There’s a fair bit of fighting outside the ring in this one, as both men take trips into the metal railings around ringside and both throw plenty of chops and other strikes at one another. Kobashi even delivers a DDT out on the pretty blue mats at one stage, as he’s actually been more of the aggressor on the outside stuff for the most part. It’s interesting that they’ve done very little on the mat for the most part and have mostly spent the match clobbering one another and throwing each other around the place.
Sano is kind of the de facto babyface here, as he had the better of things in the early going in what basically amounted to the shine, and he’s been on the defensive ever since Kobashi threw him to the floor and followed up with that DDT. Kobashi grounds Sano back inside and they focus the story on Sano trying to get back to a vertical base so that he can fight himself back into the match, with Kobashi cinching in a tight side headlock at one stage to prevent that from happening.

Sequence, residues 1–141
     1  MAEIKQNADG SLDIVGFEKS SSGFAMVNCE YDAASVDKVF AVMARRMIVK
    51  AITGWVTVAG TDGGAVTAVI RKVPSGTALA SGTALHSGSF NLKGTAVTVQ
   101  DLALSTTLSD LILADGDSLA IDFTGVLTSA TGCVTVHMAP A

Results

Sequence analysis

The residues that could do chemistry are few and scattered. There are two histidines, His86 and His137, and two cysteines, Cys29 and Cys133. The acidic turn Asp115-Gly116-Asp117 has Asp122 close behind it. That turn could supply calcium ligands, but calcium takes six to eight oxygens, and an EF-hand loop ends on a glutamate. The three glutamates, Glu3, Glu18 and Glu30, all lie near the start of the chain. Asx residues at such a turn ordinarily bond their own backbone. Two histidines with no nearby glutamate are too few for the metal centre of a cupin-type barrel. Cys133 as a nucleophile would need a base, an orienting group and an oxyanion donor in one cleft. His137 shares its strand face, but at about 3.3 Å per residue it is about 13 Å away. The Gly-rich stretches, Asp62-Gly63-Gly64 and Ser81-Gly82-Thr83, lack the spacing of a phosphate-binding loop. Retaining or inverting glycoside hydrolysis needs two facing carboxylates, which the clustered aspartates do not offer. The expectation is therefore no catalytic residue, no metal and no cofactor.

Sano finally has enough of this and clocks Kobashi with a closed fist punch, which causes the referee to intervene and chastise the challenger. Kobashi sold the punch big as well, as they made one strike really mean something. Kobashi decides to punish Sano for his insolence by delivering ALL THE CHOPS in the corner, which Sano sells great, before getting a big spinning back chop to leave Sano slumped in the corner.
If you wrote down all the moves in this match there wouldn’t be loads of them, but what they’ve done is make every move and spot they have delivered really count. Less really is more when you sell moves and pace the match so that simple spots are things you can highlight as a big deal. Sano finally manages to get himself some sustained offence by dropkicking Kobash in his always injured knee, leading to the challenger working the knee over in classic Bret Hart/Ric Flair style. Kobashi is of course excellent at selling all of that.